@dennish posted:

Mark,

I was watching your progress, with interest, as you built your lift bridge.  I have a 32" span that I am going to attempt to put lift in.  It will contain 5 curved portions of track, so it should be interesting to design.  I would like to put it on a linear actuator with a joystick, but we shall see as things progress.

Lift Bridge Opening 1Lift Bridge Opening 2

Dennis, a curved lift up bridge would look great!  I’ll look forward to seeing your progress!

@mike g. posted:

I would show you my lift, but I am sure you already seen it. LOL

Yes, Dennis has seen mine and it is an adaptation of Mike’s.

Dennis I do want to say you are smart in planning ahead for a time when you may not be as able as you are now.  When I started planning my current layout, I specified it had to be either walk-in or have a lift up entrance, with arm reach access to everything.  I was 61 and could still crawl around and wiggle into tight spots.  When I was 63, I had to have a knee replacement, and I can’t put my weight on it ever again.  Two weeks ago I had a double back fusion, and I am not quite 65 yet.  I didn’t have any accidents; all of it was described by the surgeons as wear and tear.  What a difference in less than 4 years.  I’m glad I planned for the future!!!!!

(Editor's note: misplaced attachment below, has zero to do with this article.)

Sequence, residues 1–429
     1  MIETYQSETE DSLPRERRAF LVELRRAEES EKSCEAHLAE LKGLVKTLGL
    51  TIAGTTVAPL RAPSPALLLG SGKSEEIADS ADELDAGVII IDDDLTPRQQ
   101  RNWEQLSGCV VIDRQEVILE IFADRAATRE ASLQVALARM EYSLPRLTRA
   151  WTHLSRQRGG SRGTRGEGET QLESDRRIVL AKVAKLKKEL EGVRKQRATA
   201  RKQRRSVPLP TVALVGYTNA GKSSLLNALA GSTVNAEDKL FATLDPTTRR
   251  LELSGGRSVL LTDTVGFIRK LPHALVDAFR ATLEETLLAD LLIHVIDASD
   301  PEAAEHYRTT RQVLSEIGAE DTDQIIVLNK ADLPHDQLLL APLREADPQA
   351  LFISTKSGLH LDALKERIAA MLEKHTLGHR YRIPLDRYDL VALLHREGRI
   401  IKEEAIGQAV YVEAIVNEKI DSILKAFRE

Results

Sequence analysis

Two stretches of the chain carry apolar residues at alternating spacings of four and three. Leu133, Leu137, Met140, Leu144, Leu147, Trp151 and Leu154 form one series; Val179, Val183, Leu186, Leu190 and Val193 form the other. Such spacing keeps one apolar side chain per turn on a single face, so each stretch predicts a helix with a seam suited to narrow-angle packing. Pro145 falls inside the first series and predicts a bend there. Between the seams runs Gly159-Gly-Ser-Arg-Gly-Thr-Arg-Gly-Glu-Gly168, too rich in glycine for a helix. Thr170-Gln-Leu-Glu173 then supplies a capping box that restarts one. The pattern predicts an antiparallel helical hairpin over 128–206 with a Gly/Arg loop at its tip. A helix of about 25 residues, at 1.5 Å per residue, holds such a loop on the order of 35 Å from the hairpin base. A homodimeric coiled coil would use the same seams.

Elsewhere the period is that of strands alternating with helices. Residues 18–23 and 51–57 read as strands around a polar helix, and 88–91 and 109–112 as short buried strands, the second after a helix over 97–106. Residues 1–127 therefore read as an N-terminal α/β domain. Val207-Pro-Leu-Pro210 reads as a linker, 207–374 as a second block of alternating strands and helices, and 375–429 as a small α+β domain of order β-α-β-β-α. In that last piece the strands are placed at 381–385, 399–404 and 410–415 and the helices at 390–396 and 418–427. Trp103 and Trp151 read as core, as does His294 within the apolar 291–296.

@Mark Boyce posted:

I was 61 and could still crawl around and wiggle into tight spots.  When I was 63, I had to have a knee replacement, and I can’t put my weight on it ever again.  Two weeks ago I had a double back fusion, and I am not quite 65 yet.  I didn’t have any accidents; all of it was described by the surgeons as wear and tear.  What a difference in less than 4 years.  I’m glad I planned for the future!!!!!

I guess at close to 78 and still able to crawl under the layout I don't have any complaints to lodge!   However, planning for the future was what the lift bridge was all about, I'm suspect my "flexible" days are living on borrowed time.

I guess at close to 78 and still able to crawl under the layout I don't have any complaints to lodge!   However, planning for the future was what the lift bridge was all about, I'm suspect my "flexible" days are living on borrowed time.

John, you have done well.  I took my dad to the doctor with a sore knee when he was in his late 80s, and one steroid shot fixed him right up.  I have not fared as well as he has because arthritis is getting me everywhere.  He would get sore muscles from working on things, but after a day resting, he was back at it.  I have to plan for the future differently than he did.